Archive for February 27th, 2013

On the degradation of societal values

Each month, in my post office box, I receive a copy of Hillsdale College’s Imprimis, a publication which uses speeches delivered at Hillsdale’s various events to promote civil and religious liberty. I look forward to receiving this each month, but I found the latest edition (January 2013) to be particularly interesting as it approached a subject which I have thought about many times, but it approached it from an angle to which I hadn’t given much thought.

Nathan Harden, editor of education news website The College Fix examined a slow and steady degradation of not only the way people are taught in many educational institutions, but also of the values which are promoted in such settings and influence the minds of the students.

I see a similar thing in society as a whole, and although I value the freedom for people to live their lives as they see fit (within legal parameters, obviously), I do also believe that society is at its best when certain basic and fundamental values are upheld by the majority of society. I see some of these as being “the family unit” (religious beliefs aside, I am a proponent of it being natural and best for a child to be brought up by a mother and father, as per the natural order of things) and having a general level of respect for one another. I believe these things have been eroded slowly over many years, and society is suffering because of it.

Nathan Harden sees something similar in the educational system. While Nathan looks at this purely from an educational perspective, I see it as a cycle where the direction of society is leading to educational outcomes and educational outcomes are leading to the direction of society. To that end, I found Nathan’s piece to be very interesting, and to give me a greater understanding of a problem which I have seen for some time.

Hillsdale graciously allow for the full republication of Imprimis as long as credit is given. Before I sign off and leave you with the January 2013 edition, may I recommend that if you find this work to be particularly interesting, that you take a look at some of the previous editions of Imprimis and then consider taking out a free subscription to Imprimis. If you found this as interesting as I did, then I can almost guarantee that seeing Imprimis arrive in the mail each month will be a highlight of the month for you, just like it is for me.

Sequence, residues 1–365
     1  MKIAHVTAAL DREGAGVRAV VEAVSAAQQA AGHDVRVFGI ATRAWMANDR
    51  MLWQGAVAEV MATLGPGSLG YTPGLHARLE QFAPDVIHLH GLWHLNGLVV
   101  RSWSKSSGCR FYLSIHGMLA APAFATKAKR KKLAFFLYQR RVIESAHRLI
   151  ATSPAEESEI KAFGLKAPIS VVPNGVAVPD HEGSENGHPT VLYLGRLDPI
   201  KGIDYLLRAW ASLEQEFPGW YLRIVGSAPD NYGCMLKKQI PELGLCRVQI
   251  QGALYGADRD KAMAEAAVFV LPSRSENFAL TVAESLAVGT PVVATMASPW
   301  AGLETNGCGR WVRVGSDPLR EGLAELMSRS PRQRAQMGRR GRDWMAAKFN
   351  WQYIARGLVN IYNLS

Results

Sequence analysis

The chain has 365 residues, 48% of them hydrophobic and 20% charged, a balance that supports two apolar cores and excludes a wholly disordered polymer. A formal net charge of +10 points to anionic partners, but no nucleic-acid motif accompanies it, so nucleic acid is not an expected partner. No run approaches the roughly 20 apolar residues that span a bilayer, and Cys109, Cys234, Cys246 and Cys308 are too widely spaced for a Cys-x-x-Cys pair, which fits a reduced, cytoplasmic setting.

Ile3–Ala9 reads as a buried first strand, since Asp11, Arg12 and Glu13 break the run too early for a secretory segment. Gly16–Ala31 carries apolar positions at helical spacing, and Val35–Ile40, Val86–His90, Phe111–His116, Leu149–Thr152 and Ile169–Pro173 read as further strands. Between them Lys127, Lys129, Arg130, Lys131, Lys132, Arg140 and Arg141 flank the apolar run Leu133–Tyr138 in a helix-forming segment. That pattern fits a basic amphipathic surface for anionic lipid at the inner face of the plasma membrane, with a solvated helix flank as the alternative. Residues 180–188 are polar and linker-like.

The following is Copyright © 2013 Hillsdale College. The opinions expressed in Imprimis are not necessarily the views of Hillsdale College. Permission to reprint in whole or in part is hereby granted, provided the following credit line is used: “Reprinted by permission from Imprimis, a publication of Hillsdale College.” SUBSCRIPTION FREE UPON REQUEST. ISSN 0277-8432. Imprimis trademark registered in U.S. Patent and Trade Office #1563325.

Man, Sex, God, and Yale

NATHAN HARDEN is editor of The College Fix, a higher education news website, and blogs about higher education for National Review Online. A 2009 graduate of Yale, he has written for numerous publications, including National Review, The Weekly Standard, The American Spectator, The New York Post, and The Washington Times. He was a 2011 Robert Novak Fellow at the Phillips Foundation, a 2010 Publius Fellow at the Claremont Institute, and is author of the recent book Sex and God at Yale: Porn, Political Correctness, and a Good Education Gone Bad.

The following is adapted from a speech delivered at Hillsdale College on September 20, 2012.

IN 1951, William F. Buckley, Jr., a graduate of Yale the year before, published his first book, God & Man at Yale. In the preface, he described two ideas that he had brought with him to Yale and that governed his view of the world:

“I had always been taught, and experience had fortified the teachings, that an active faith in God and a rigid adherence to Christian principles are the most powerful influences toward the good life. I also believed, with only a scanty knowledge of economics, that free enterprise and limited government had served this country well and would probably continue to do so in the future.”

The body of the book provided evidence that the academic agenda at Yale was openly antagonistic to those two ideas—that Buckley had encountered a teaching and a culture that were hostile to religious faith and that promoted collectivism over free market individualism. Rather than functioning as an open forum for ideas, his book argued, Yale was waging open war upon the faith and principles of its alumni and parents.

Liberal bias at American colleges and universities is something we hear a lot about today. At the time, however, Buckley’s exposé was something new, and it stirred national controversy. The university counterattacked, and Yale trustee Frank Ashburn lambasted Buckley and his book in the pages of Saturday Review magazine.

Whether God & Man at Yale had any effect on Yale’s curriculum is debatable, but its impact on American political history is indisputable. It argued for a connection between the cause of religious faith on the one hand, and the cause of free market economics on the other. In a passage whose precise wording was later acknowledged to have been the work of Buckley’s mentor Willmoore Kendall—a conservative political scientist who was driven out of Yale a few years later—Buckley wrote:

“I consider this battle of educational theory important and worth time and thought even in the context of a world situation that seems to render totally irrelevant any fight except the power struggle against Communism. I myself believe that the duel between Christianity and atheism is the most important in the world. I further believe that the struggle between individualism and collectivism is the same struggle reproduced on another level.”

This idea, later promoted as “fusionism” in Buckley’s influential magazine National Review, would become the germ of the Reagan coalition that united social conservatives and free market libertarians—a once-winning coalition that has been lately unraveling.

I graduated from Yale in 2009, fifty-nine years after Buckley. I had a chance to meet him a couple of years before his death, at a small gathering at the home of a professor. Little did I know at the time that I would write a book of my own that would serve, in some ways, as a continuation of his famous critique.